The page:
• The first prerequisite for being able to reach the star is perfect predictability of demand. The organization must be able to predict perfectly: What is demanded - When it is demanded - Which amount is demanded.
  • Secondly means perfect predictability of supply with similar problems to the above.

Level of variation establishes the efficiency frontier Therefore, it is the level of variation in demand and supply that determines which operational states an organization can achieve. Variation limits the possibilities of reaching for the star. Variation creates “an efficiency frontier.” You can only get so close because of variation.

Examples of organizations facing high variation are those in which the main flow unit is people. Many service organizations will fall into this category. People introduce an element of variation that is very hard, if not impossible, to avoid. We cannot standardize or control people in the same way we can material or information. However, regardless of the type of organization, it is often possible to become better at eliminating, reducing, and managing variation.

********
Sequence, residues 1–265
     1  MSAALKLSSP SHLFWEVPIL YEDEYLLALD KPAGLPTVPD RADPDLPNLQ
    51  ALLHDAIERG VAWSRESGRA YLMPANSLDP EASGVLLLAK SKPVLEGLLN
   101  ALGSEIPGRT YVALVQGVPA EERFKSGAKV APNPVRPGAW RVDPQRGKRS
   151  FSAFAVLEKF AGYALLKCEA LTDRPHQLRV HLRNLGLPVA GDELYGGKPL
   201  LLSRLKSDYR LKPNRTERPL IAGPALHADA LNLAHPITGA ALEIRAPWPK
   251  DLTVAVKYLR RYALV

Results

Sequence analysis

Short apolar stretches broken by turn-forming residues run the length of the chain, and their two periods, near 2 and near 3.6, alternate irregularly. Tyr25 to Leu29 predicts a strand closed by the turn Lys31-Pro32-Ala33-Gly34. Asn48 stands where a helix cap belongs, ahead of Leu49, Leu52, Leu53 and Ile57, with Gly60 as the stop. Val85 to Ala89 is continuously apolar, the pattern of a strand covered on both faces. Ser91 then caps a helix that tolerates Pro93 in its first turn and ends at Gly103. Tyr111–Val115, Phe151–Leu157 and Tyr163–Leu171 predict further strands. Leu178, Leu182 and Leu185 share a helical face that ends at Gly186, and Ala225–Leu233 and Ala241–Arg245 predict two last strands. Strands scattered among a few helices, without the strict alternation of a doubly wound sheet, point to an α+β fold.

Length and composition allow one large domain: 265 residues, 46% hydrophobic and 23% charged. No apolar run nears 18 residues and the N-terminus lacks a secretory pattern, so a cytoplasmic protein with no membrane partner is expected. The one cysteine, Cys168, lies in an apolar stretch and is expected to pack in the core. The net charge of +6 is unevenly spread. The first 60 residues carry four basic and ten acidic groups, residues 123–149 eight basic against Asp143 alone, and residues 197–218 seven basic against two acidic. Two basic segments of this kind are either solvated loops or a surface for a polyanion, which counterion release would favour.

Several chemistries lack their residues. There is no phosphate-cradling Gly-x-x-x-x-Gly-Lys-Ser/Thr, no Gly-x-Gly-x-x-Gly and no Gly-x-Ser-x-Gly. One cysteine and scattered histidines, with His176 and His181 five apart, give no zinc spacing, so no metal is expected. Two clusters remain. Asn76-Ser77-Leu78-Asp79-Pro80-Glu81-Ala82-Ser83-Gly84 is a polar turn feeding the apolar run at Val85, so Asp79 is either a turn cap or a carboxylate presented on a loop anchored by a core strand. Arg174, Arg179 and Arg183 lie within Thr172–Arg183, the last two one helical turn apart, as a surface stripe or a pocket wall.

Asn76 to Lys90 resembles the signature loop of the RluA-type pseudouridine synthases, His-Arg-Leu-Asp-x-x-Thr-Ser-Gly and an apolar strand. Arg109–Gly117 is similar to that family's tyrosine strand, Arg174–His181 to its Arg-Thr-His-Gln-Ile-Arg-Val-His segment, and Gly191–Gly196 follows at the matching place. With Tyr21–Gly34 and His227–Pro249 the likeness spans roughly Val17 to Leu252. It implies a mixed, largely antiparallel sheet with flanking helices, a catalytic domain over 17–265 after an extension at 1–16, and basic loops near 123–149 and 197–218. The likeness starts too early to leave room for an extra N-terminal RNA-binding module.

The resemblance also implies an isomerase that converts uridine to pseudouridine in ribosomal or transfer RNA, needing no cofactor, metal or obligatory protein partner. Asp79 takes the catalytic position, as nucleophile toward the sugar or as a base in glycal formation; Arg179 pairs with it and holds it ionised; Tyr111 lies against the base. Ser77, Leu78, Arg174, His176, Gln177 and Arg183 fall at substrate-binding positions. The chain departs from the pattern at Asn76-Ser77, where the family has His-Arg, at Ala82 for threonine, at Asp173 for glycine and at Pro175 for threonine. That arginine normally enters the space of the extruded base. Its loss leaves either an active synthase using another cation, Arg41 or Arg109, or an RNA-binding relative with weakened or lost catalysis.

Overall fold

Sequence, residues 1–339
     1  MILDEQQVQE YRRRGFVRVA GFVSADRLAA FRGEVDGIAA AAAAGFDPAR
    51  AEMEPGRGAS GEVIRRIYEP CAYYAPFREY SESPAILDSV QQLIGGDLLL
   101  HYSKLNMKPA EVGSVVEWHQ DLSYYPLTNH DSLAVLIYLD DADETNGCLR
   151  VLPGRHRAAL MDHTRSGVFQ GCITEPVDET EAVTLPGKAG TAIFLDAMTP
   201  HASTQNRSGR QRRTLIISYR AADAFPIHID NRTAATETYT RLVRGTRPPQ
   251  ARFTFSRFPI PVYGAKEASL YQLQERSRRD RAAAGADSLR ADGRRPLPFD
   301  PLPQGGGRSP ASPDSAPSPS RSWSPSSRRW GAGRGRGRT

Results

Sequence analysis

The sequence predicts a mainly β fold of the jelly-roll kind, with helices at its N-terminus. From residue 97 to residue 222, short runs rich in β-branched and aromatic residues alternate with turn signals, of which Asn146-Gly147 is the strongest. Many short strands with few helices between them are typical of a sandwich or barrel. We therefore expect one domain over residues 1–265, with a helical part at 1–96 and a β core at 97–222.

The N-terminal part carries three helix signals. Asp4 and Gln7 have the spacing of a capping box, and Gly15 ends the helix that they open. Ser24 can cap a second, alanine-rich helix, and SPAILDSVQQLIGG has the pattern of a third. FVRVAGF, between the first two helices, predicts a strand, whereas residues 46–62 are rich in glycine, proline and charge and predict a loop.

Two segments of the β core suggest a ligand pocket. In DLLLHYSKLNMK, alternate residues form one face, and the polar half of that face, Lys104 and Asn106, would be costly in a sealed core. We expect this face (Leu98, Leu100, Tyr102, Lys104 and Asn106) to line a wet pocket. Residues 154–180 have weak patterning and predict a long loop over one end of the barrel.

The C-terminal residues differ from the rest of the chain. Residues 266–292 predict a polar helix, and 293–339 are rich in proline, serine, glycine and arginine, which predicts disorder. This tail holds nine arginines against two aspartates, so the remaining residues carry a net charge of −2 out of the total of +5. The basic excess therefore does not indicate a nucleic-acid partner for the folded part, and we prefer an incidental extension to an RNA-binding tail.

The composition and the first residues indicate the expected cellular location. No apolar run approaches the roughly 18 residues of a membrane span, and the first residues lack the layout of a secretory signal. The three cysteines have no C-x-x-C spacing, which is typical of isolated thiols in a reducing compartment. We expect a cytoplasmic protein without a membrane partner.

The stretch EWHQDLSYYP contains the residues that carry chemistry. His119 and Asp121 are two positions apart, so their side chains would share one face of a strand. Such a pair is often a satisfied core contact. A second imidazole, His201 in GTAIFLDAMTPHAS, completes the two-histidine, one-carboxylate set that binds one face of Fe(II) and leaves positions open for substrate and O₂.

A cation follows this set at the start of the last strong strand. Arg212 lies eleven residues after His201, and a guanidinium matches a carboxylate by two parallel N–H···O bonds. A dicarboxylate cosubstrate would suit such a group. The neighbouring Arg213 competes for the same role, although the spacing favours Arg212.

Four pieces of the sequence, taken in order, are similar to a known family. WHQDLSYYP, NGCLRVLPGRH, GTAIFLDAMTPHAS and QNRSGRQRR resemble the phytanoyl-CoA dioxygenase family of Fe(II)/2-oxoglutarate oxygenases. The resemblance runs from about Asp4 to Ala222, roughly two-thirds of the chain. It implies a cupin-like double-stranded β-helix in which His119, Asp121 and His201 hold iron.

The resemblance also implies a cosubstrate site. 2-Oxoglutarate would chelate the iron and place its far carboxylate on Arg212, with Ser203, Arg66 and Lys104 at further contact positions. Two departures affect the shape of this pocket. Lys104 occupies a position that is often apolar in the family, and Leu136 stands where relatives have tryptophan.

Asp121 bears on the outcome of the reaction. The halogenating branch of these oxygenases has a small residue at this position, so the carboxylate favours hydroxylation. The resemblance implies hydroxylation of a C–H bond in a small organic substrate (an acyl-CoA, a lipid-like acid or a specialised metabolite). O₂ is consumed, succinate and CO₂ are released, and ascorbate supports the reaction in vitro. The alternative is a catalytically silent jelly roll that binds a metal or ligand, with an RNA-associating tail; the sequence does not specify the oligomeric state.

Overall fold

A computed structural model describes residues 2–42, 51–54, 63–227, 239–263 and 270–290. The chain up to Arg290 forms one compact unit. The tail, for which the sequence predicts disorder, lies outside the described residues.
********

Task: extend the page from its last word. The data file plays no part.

Business need to make choices. It might make sense to focus on resource efficency if that is what your business model supports. So the business needs to determine a business strategy and develop an operations strategy to help decide what to do:

  • A business strategy (what) defines what The business strategy defines the value the company will offer the customer; that is, the value the customer will experience when a good or service is consumed. At the highest level of abstraction (the “fruit” level), an organization can focus on either differentiation or cost. In this context, differentiation includes a range of things, such as delivering a better experience, better food, faster service, or a wide range of products from which to choose. In other words, differentiation is anything that a customer considers valuable. The cost is the sacrifice, in terms of money, time, or energy, that the customer must make in order to satisfy his or her need.